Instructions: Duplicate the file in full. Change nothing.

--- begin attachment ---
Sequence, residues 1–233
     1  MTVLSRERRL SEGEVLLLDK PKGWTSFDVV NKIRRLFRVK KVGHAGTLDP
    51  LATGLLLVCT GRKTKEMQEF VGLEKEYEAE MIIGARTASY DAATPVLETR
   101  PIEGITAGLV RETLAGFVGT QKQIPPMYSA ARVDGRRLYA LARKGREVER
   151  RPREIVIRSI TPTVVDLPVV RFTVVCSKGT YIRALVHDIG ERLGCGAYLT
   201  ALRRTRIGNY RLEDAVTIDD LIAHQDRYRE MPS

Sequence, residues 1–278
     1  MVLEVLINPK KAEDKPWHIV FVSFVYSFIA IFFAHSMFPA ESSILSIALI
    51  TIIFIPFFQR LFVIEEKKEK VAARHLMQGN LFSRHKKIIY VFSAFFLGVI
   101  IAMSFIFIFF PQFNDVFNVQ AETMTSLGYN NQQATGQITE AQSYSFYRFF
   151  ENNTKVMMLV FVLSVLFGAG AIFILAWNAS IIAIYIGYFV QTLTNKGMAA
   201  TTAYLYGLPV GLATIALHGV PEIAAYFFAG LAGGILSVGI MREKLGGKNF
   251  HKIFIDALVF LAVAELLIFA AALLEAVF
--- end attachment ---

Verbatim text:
Sequence, residues 1–233
     1  MTVLSRERRL SEGEVLLLDK PKGWTSFDVV NKIRRLFRVK KVGHAGTLDP
    51  LATGLLLVCT GRKTKEMQEF VGLEKEYEAE MIIGARTASY DAATPVLETR
   101  PIEGITAGLV RETLAGFVGT QKQIPPMYSA ARVDGRRLYA LARKGREVER
   151  RPREIVIRSI TPTVVDLPVV RFTVVCSKGT YIRALVHDIG ERLGCGAYLT
   201  ALRRTRIGNY RLEDAVTIDD LIAHQDRYRE MPS

Sequence, residues 1–278
     1  MVLEVLINPK KAEDKPWHIV FVSFVYSFIA IFFAHSMFPA ESSILSIALI
    51  TIIFIPFFQR LFVIEEKKEK VAARHLMQGN LFSRHKKIIY VFSAFFLGVI
   101  IAMSFIFIFF PQFNDVFNVQ AETMTSLGYN NQQATGQITE AQSYSFYRFF
   151  ENNTKVMMLV FVLSVLFGAG AIFILAWNAS IIAIYIGYFV QTLTNKGMAA
   201  TTAYLYGLPV GLATIALHGV PEIAAYFFAG LAGGILSVGI MREKLGGKNF
   251  HKIFIDALVF LAVAELLIFA AALLEAVF